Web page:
Here comes another daily driver from Acer. It is the Aspire 3 (A315-42), and it looks more like the Aspire 5 (A515-52G) than its sibling from the Aspire 3 line-up – the A315-55G, that we tested some time ago.
What is the difference between the two Aspire 3s? Well, one of them features an Intel + NVIDIA combo, while the A315-42 is equipped with an AMD solution. Apart from that, there are no apparent surprises – a plastic shell that has a matte finish in a bid to reduce fingerprints. Expectedly, the display in use here has a TN panel, which is one of the most effective cost-cutting measures.
You can check the prices and configurations in our Specs System: https://laptopmedia.com/series/acer-aspire-3-a315-42/
Acer Aspire 3 (A315-42 / A315-42G) - Specs
All Acer Aspire 3 (A315-42 / A315-42G) configurationsSee all Acer Aspire 3 (A315-42) review – the bare minimum configurations
What’s in the box?
Inside the package, there is the laptop, that is hidden in a white protective cloth. In a separate compartment, you are going to find the 45Wh power adapter.
Design and construction
Despite its low price, the Aspire 3 (A314-42) has a relatively small footprint for a 15-inch laptop. Additionally, it has a 20mm profile and a weight of 1.90kg. Interestingly, despite the different form factors, it has almost the same dimensions as the Aspire 3 (A315-55G) with the former being slightly shorter than the latter.
As expected, this laptop’s build quality is not on the brightest engineering accomplishment in recent years. Its lid cannot be opened with a single hand, while it can’t hold a book on its top, as the plastic bends quite dramatically. Not to mention the resistance to scratches that is closer to zero than McLaren’s chances of winning an F1 title in recent years.
Let’s continue with the base of the Aspire 3 (A314-42), that is also not one of the most durable things we’ve tested. On the bright side, its keyboard is good for typing and can be really comfortable for students, that work on an essay, or people that are trying to … you know, write an article. Nevertheless, it would be slightly more difficult to do so in the dark, since the notebook lacks a backlight.
Similarly to the A315-55G, it has an average trackpad, but what is more concerning is the lack of strength in the chassis.
One positive thing about the design of this notebook is that it leads the hot air away from the machine from its back. This way it is not trapped in between the screen and the base.
On the left side of the machine, is where you are going to plug the power adapter. Additionally, you have an RJ-45 connector, an HDMI port, two USB Type-A ports – one is 3.1 (Gen. 1) and the other one is 2.0. Lastly, there is an audio jack on this side, as well. While the left side seems quite overcrowded, the situation on the right is kind of bizarre – there is only one USB Type-A 2.0 port, that sits in the middle of nowhere. Sadly, you won’t see a USB Type-C or an SD card slot anywhere around this laptop.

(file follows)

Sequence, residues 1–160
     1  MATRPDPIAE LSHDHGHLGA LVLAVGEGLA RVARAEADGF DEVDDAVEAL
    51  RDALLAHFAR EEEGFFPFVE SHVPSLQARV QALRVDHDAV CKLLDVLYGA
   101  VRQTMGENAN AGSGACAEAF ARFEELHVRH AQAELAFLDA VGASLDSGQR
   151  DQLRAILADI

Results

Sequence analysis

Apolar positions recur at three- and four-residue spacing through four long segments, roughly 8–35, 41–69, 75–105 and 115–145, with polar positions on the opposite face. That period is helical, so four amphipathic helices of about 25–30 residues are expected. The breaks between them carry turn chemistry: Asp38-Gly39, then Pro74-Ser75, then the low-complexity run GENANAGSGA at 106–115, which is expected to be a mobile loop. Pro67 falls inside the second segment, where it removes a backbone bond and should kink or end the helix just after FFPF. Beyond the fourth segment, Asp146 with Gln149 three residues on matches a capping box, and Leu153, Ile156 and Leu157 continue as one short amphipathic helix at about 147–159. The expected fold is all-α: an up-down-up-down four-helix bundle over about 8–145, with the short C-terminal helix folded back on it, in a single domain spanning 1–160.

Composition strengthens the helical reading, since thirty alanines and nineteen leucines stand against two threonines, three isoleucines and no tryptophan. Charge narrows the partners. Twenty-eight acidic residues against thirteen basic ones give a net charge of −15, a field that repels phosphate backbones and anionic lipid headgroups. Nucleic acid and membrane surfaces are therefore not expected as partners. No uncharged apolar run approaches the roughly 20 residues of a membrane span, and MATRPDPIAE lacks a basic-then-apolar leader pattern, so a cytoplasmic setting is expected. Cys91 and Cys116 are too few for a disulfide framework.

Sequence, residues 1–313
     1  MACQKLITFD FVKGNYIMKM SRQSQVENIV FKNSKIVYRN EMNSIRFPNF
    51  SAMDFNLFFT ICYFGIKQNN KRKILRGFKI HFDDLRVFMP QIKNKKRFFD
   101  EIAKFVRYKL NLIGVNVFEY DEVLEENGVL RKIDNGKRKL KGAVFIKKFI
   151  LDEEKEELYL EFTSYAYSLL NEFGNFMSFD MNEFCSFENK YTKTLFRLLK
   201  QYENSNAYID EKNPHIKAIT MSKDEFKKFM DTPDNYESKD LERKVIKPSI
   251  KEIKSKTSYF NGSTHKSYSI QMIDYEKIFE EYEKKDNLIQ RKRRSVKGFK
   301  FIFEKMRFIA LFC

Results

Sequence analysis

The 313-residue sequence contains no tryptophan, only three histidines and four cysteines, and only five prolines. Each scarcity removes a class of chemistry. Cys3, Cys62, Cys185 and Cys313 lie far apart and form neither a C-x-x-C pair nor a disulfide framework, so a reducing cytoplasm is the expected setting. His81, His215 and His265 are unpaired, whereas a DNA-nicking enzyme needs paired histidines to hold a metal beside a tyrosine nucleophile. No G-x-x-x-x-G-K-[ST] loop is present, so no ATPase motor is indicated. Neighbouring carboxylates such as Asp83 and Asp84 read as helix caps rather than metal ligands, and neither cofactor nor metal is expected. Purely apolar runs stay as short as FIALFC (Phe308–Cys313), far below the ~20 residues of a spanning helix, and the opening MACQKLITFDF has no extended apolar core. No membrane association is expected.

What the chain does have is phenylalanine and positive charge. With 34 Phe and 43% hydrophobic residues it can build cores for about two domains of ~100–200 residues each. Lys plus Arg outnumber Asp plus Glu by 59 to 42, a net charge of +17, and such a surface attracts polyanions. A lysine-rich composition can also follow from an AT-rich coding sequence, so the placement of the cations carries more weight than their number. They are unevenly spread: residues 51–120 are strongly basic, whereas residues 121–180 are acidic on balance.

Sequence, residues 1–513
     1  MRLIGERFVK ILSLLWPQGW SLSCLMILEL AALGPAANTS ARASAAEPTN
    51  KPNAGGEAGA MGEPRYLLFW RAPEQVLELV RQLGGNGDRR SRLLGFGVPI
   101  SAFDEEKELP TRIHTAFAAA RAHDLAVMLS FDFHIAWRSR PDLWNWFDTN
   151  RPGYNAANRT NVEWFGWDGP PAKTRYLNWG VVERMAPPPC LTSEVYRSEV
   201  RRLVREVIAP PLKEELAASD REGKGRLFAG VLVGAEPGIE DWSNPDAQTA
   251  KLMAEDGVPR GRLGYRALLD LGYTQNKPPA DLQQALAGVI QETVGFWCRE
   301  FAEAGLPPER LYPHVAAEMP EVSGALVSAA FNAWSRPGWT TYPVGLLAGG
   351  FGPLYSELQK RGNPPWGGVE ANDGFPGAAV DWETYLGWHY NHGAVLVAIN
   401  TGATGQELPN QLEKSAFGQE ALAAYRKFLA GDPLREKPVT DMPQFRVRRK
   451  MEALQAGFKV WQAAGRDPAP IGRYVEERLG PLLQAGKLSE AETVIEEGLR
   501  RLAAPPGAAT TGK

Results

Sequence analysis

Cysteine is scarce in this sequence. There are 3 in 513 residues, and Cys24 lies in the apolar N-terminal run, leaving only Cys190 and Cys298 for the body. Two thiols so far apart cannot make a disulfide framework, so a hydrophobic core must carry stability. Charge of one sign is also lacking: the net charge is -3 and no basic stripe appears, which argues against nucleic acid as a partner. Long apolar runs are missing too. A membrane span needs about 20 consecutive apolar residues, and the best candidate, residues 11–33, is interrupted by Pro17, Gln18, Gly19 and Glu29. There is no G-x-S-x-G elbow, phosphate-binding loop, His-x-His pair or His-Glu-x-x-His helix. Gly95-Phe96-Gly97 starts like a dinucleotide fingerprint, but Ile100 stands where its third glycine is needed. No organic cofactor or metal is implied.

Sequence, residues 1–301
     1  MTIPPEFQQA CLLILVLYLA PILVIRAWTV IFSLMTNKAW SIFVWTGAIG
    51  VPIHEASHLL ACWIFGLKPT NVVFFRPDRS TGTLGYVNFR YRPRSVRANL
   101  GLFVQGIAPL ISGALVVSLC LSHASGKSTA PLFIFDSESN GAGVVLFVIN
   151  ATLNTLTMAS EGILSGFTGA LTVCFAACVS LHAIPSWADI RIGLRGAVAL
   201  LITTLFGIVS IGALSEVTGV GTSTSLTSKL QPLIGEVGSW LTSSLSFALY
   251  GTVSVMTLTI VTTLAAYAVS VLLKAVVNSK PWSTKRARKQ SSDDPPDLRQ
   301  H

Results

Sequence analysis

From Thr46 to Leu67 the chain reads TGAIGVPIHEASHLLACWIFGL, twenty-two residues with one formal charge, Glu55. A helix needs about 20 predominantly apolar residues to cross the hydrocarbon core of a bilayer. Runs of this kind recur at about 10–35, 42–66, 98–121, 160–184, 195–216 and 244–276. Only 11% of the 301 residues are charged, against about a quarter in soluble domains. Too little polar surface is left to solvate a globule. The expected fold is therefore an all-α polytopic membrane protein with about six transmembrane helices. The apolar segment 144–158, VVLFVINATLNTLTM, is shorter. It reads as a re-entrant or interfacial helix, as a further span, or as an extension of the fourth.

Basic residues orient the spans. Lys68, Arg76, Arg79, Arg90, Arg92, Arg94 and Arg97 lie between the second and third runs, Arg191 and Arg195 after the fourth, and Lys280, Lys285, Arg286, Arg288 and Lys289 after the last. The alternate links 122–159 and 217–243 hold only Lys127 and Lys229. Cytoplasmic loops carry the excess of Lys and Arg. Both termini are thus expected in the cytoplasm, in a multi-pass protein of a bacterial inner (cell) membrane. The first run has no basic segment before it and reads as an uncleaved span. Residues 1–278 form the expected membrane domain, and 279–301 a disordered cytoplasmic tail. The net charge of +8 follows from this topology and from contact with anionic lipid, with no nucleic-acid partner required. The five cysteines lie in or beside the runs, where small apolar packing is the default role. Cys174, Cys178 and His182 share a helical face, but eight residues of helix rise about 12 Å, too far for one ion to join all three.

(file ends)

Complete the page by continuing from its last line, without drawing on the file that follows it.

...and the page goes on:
Disassembly, upgrade options and maintenance
Disassembling the Aspire 3 (A315-42) is relatively easy – remove all 10 of the Phillips head screws on the bottom plate, and then pop it open with a plastic tool – in order not to damage the fragile plastic.
Its cooling comprises a single heat pipe, which is nothing out of the ordinary.
In terms of upgradability, it is interesting that there are two RAM DIMMs, as well as an M.2 NVMe-enabled slot and a 2.5″ SATA drive slot – impressive for this price point.
Lastly, the battery is a 37Wh model, that is far from being optimal for this size of devices.
Acer Aspire 3 (A315-42) is equipped with a Full HD TN panel with a model number Innolux N156HGA-EA3 (CMN15F5). Its diagonal is 15.6″ (39.62 cm), and the resolution 1920 х 1080 pixels. The screen ratio is 16:9, and we are looking at a pixel density of – 142 ppi, and a pitch of 0.18 х 0.18 mm. The screen turns into Retina when viewed at distance equal to or greater than 60cm (24″) (from this distance one’s eye stops differentiating the separate pixels, and it is normal for looking at a laptop).
As expected from a TN panel – the viewing angles are terrible. We offer images at 45° to evaluate image quality.
The measured maximum brightness of 202 nits in the middle of the screen and 228 nits as an average for the whole area, with a maximum deviation of 18%. The Correlated Color Temperature on a white screen is 6230K – warmer than the optimal for the sRGB standard of 6500K, which is not bad.
In the illustration below you can see how the display performs from a uniformity perspective. In other words, the leakage of light from the light source.
Values of dE2000 over 4.0 should not occur, and this parameter is one of the first you should check if you intend to use the laptop for color-sensitive work. The contrast ratio is mediocre – 310:1.
To make sure we are on the same page, we would like to give you a little introduction to the sRGB color gamut and the Adobe RGB. To start, there’s the CIE 1976 Uniform Chromaticity Diagram that represents the visible specter of colors by the human eye, giving you a better perception of the color gamut coverage and the color accuracy.